September 25, 2005

'Geisha' translated for Japan
Pic's o'seas marketing differs from U.S.


For decades, a pic's international marketing followed the cues of the all-important domestic launch. But the Japanese campaign for "Memoirs of a Geisha" is more lavish -- and on a much faster track -- than the U.S. version.

A three-minute trailer for the film has been playing in Japanese theaters since August. The U.S. trailer, which bows this month, is shorter, relying more on allusions to Arthur Golden's bestselling novel (which was less of a hit in Asia). The U.S. trailer is also more keyed up, with almost an action-movie vibe, and it features fewer lingering shots of Japanese actors Ken Watanabe and Kogi Yakusho.

Spyglass, which co-financed the $85 million pic with Sony and DreamWorks, is distribbing "Geisha" abroad, using different distribs in different territories.

Buena Vista Int. is releasing the film in Japan. In a gesture that's part strategic, part cultural, Buena Vista teamed for the first time ever with Japanese distrib Shochiku on the release.

"Memoirs of a Geisha" unspools Dec. 9 and 10 in the U.S. and Japan, respectively. Yet as far back as last January, a huge press junket for the pic was held in Tokyo.

Tokyo will also host the film's world premiere on Nov. 29. Los Angeles will have its party later in the week, on Dec. 4.

There are a few reasons behind this aggressive -- and geographically specific -- marketing push, not least of all the fact that "Memoirs of a Geisha" is an innately Japanese story.

"Because of the storyline, Japan is obviously a critical market for us," says Spyglass co-chairman Gary Barber.

The fact that Japan is by far the biggest film market in Asia adds to the impetus to target the territory with care. (Warner Bros. also went out of its way to woo Japan when it released "The Last Samurai" -- a move that paid off at the Japanese box office.)

However, the strategy to pull out all stops in Japan is not merely a flood-the-zone marketing tactic.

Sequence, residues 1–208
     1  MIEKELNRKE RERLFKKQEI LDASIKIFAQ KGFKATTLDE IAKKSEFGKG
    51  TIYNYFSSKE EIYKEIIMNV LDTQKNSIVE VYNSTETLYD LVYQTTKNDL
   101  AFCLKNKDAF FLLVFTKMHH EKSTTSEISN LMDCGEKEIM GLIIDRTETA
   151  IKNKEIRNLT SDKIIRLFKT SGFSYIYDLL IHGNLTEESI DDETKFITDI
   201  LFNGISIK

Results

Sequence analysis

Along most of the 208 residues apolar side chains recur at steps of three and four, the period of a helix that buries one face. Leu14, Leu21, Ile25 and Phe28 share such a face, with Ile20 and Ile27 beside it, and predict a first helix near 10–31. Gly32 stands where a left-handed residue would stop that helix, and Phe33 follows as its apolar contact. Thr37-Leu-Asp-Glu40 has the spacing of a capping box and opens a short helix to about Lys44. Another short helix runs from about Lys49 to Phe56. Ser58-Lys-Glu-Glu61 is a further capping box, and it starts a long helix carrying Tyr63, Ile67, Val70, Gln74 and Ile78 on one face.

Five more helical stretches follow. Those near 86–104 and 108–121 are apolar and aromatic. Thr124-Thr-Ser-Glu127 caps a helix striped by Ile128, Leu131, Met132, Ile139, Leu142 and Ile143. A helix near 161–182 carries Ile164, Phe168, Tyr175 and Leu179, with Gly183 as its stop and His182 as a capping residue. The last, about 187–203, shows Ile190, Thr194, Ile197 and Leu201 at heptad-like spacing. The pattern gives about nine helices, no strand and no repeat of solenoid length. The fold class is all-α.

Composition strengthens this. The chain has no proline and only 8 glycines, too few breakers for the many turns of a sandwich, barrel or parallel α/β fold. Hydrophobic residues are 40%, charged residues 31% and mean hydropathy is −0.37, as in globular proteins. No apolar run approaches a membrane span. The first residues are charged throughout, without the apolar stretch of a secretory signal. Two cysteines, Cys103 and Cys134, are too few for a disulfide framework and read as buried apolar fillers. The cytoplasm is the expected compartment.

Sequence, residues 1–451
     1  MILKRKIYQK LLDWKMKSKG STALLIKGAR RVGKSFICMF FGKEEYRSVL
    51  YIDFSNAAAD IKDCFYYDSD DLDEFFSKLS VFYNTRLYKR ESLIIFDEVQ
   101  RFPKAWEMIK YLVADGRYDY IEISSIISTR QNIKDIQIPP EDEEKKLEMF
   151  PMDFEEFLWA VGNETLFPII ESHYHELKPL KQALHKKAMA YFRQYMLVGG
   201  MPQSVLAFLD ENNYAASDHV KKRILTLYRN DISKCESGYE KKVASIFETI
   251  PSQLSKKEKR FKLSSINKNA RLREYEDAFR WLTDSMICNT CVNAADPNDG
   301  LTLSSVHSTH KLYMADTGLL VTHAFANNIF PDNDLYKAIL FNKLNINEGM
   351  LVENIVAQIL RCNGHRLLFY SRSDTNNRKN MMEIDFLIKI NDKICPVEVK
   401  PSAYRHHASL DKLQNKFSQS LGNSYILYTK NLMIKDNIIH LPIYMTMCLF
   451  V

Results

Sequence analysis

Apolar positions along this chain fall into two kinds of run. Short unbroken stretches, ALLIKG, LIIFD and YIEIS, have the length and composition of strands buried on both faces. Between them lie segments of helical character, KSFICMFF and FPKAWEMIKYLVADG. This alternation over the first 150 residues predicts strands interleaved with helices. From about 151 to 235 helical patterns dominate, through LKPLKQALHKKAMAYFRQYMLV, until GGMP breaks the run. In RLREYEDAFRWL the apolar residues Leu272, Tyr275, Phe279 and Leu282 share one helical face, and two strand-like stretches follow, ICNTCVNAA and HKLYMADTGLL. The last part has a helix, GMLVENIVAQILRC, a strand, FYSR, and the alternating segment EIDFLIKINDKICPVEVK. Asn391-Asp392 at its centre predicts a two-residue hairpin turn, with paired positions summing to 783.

There's preemptive thinking at work as well -- namely to curb, and hopefully eliminate, criticism that the pic has received for its ethnically inaccurate casting.

Even before "Geisha" started filming in Japan last year, controversy swirled over the fact that Chinese actresses Zhang Ziyi and Gong Li plus Malaysia's Michelle Yeoh had been cast in Japanese roles. Some claimed the decision smacked of Hollywood imperialism/blindness, and the issue quickly became a marketing headache.

Most of the complaints came from Japan, but Japanese-Americans also took offense. "We're really unhappy about the way the casting's been done," says John Tateishi, national director of the Japanese American Citizens League. "This isn't a situation like in the 1920s, '30s or even '50s, where there were so few Asian, and Japanese, actors who could play a role. Now there are plenty of Japanese actors who can play those parts. This is typical of Hollywood."

In response to attacks like these, director Rob Marshall has defended his choices, saying that Zhang, for example, was "the one woman on earth who could play this role," and that he's made unusual casting decisions before, such as choosing Queen Latifah to play the prison warden in "Chicago."

Spyglass and Buena Vista decided to do more than just offer conciliatory words.

The Tokyo junket in January was a sweeping effort to simultaneously spread good will and court Japanese auds. Four hundred journalists were invited to the event (650 showed up), which one attendee describes as a "big love fest." The film's cast and director were trotted out, clips of the film were shown, and the pic's Japanese heartthrobs Watanabe and Yakusho were given plenty of ogle time.

Although American auds haven't been privy to such elaborate salesmanship, expect that to change once awards season sweeps in.

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